I prefer to immerse myself in my topics, going to the relexologist or consulting a pet psychic, then relating my experience. However, I will be examining trepanation from a more detached perspective. Trepanation refers taking an auger, drill, or similar implement and punching a hole in one’s head. I like my skull intact and besides, I was never that handy with tools.
In truth, holes in the skull can be beneficial. Consider eye sockets, or the opening that enables the spinal cord to reach the brain. There is also a specific instance in which emergency room doctors will drill holes in a patient’s skull. If a head wound is severe, the brain may begin to swell enough that the pressure must be alleviated, so the victim’s melon is bored through.
Trying to get a doctor to drill a superfluous hole in your head may be more difficult, although possible if one’s definition of doctor is supple enough. Trips to California and/or psychic fairs may increase the chance. Trepanation is the world’s oldest surgical practice, making it immensely valuable to those who highlight the appeal to ancient authority. This logical fallacy is sometimes combined with the ad populum and you end up with this, from trepanationguide.com: “Trepanation has been practiced on every continent, through every time period, and by every race.” This is a seeming endorsement that fails to cite any benefit of the procedure.
The reason for noggin-drillin’ has varied by time and culture. Some thought it would open the Third Eye, while others used it to exorcise demons without having to summon a priest. In still other places, it was used to alleviate afflictions, and while it wouldn’t cure what was bothering you, it would take your mind off of it.
There are very few proponents today, and I could only find four this century who were fervent enough to turn their advocacy into action. If the patient, who is probably also the surgeon, survives the procedure, they will attain a higher consciousness, said Bart Huges, the most significant modern proponent of trepanation, which is sort of like being the most powerful hockey team on Samoa.
Huges proposed that trepanation could enhance brain function by balancing the proportion of blood and cerebral spinal fluid. He believed that when our ancestors began to walk upright, their brains drained of blood, and that the blood flow to the head was further limited by gravity. This was said to shrink the scope of human consciousness. And on one of the few pro-hole-in-your-head websites out there, it is written that the skull prevents the brain from breathing properly. But if all this were true, these detriments would have kept us evolving this way and we would have developed a hole, or maintained our baby soft spot for life. Still, Huges decided that trepanation would allow better blood flow to the brain and enable the patient to achieve a permanent high.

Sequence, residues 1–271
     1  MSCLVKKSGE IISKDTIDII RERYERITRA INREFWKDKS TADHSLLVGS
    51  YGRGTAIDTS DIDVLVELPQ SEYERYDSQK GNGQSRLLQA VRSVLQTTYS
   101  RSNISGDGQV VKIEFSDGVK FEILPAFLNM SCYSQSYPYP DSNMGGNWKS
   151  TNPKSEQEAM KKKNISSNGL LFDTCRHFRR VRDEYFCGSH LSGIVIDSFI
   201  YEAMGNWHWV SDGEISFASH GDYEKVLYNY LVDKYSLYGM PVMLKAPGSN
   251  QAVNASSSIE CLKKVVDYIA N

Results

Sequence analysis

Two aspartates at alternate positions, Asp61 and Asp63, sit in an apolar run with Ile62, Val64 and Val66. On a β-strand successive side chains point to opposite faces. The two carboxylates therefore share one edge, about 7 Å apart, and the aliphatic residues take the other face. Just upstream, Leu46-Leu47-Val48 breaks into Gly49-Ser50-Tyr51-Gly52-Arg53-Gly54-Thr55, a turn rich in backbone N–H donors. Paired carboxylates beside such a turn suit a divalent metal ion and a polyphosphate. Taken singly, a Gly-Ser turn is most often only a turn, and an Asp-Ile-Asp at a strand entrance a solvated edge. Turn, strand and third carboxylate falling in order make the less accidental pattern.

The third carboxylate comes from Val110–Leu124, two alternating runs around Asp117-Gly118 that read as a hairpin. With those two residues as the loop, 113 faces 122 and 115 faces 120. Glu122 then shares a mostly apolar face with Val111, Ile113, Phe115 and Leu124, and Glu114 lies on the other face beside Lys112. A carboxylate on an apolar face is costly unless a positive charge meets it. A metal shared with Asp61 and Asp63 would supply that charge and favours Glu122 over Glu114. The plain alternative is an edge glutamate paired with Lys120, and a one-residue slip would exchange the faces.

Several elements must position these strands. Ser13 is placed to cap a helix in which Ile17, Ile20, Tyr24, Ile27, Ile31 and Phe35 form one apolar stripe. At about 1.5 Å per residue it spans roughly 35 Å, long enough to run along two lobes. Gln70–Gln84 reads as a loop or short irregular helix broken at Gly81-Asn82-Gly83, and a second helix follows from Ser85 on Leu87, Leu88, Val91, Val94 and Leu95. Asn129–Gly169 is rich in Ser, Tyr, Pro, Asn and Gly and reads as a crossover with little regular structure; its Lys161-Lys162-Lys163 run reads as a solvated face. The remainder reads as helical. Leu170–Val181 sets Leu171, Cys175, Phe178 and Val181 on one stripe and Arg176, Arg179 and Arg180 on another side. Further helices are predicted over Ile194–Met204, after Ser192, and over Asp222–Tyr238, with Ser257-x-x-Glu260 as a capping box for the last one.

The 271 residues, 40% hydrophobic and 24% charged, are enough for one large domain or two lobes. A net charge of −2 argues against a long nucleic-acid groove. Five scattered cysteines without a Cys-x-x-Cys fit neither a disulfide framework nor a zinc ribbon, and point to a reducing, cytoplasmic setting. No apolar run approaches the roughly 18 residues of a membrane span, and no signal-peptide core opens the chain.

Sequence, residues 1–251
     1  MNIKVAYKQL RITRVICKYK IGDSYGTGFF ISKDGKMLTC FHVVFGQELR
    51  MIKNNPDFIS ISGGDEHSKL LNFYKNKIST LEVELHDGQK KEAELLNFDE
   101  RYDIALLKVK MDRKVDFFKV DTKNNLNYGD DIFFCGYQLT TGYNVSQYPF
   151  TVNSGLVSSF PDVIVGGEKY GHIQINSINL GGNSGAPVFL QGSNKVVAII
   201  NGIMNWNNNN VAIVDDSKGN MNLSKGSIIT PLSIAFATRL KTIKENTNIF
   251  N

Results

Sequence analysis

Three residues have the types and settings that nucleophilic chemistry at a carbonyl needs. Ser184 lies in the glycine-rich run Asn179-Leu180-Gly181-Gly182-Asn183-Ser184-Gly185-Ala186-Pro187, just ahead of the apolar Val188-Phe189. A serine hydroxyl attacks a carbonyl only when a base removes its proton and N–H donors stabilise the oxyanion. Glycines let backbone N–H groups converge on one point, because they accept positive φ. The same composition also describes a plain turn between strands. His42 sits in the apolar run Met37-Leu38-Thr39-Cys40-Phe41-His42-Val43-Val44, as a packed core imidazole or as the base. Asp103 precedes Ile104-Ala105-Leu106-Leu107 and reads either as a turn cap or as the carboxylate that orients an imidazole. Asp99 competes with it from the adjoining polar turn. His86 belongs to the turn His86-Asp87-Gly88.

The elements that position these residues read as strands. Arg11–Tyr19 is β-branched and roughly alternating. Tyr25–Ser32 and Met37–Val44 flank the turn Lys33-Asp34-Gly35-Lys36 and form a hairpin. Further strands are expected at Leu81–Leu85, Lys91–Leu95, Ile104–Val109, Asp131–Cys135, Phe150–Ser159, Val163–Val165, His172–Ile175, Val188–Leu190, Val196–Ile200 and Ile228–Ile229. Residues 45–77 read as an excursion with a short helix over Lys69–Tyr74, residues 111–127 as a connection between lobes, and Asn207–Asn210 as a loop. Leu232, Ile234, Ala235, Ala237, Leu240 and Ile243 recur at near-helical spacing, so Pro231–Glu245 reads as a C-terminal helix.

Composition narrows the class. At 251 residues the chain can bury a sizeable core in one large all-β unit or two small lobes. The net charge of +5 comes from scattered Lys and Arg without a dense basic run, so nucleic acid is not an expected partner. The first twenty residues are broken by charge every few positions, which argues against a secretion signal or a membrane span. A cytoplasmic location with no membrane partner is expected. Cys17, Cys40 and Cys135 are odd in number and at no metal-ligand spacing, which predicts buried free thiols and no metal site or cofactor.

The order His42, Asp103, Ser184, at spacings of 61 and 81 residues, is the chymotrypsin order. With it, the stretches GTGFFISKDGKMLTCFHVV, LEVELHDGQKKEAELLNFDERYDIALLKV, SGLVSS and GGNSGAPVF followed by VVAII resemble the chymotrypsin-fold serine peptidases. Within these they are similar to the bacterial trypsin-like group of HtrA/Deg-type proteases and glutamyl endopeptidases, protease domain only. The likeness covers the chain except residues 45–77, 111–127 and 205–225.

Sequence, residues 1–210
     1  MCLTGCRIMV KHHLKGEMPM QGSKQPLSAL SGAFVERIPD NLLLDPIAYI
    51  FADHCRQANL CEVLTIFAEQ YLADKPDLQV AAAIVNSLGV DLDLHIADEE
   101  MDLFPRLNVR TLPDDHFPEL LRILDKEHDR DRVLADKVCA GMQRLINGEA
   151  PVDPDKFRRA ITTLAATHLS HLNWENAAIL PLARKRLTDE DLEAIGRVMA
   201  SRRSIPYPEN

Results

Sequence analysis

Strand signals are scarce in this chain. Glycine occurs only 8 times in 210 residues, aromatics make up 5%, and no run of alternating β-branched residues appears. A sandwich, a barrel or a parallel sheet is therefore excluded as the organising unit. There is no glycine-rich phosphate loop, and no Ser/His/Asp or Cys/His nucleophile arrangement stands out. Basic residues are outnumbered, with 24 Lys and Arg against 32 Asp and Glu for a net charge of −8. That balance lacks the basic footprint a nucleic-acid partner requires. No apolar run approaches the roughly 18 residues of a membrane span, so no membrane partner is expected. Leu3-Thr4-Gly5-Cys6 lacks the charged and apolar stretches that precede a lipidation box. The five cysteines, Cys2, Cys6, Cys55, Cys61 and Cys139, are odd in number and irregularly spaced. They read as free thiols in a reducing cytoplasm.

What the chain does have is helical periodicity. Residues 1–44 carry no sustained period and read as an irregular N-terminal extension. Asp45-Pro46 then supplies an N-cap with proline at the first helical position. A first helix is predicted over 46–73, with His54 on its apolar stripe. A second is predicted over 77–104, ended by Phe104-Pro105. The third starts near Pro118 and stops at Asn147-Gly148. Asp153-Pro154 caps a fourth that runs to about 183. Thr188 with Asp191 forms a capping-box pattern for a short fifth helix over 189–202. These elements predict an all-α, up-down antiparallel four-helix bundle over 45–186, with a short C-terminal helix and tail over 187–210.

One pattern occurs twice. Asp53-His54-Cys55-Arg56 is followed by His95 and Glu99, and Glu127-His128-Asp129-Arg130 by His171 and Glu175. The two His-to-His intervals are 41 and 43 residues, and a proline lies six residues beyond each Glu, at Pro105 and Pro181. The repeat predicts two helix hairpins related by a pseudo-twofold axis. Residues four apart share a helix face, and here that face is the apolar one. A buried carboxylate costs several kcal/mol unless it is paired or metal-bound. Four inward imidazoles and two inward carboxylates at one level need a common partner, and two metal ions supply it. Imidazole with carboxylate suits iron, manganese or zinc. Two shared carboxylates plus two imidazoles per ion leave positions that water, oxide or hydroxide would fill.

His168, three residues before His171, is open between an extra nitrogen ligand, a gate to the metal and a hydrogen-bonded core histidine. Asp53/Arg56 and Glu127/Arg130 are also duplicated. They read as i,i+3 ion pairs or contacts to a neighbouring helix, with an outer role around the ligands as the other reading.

Huges devotee Amanda Fielding self-drilled, then ran for parliament on platform of free trepanations for all, netting 49 votes. Fielding maintains that having a hole in her head allows more oxygen to reach her brain and helps expand her consciousness. She claims she now has more energy and inspiration, and is enjoying this permanent high. Two more disciples, Joey Mellen and Pete Halvorson, have said the same thing. That makes trepanation 4-for-4, although we realize the importance of data over anecdotes, and data on this trepanation patients is nonexistent. There are also no double blind studies. There would be a tough time getting volunteers, and it would be arduous at best to design a protocol in which the subjects were unaware whether or not their skull was being aired out.
Brain doctors consider trepanation patients to be out of their punctured heads. Neurologist William Landau told a Salon reporter, “There is no scientific basis for this at all. It’s quackery.” Meanwhile, neurology professor Robert Daroff has conflicting opinions. On one hand, he described it as “horseshit,” but he also conceded it might be “bullshit.” Whichever farm animal excrement he ends up deciding on, Daroff said the result will be without benefit and potentially calamitous. Perhaps forced to state the obvious, Daroff told Salon, “It’s dangerous to expose your brain. There’s a risk of infection and other problems.”
As such, there will be no trepanation and subsequent relating of this experience for me. I am, however, signed up for the next alien ghost hunt.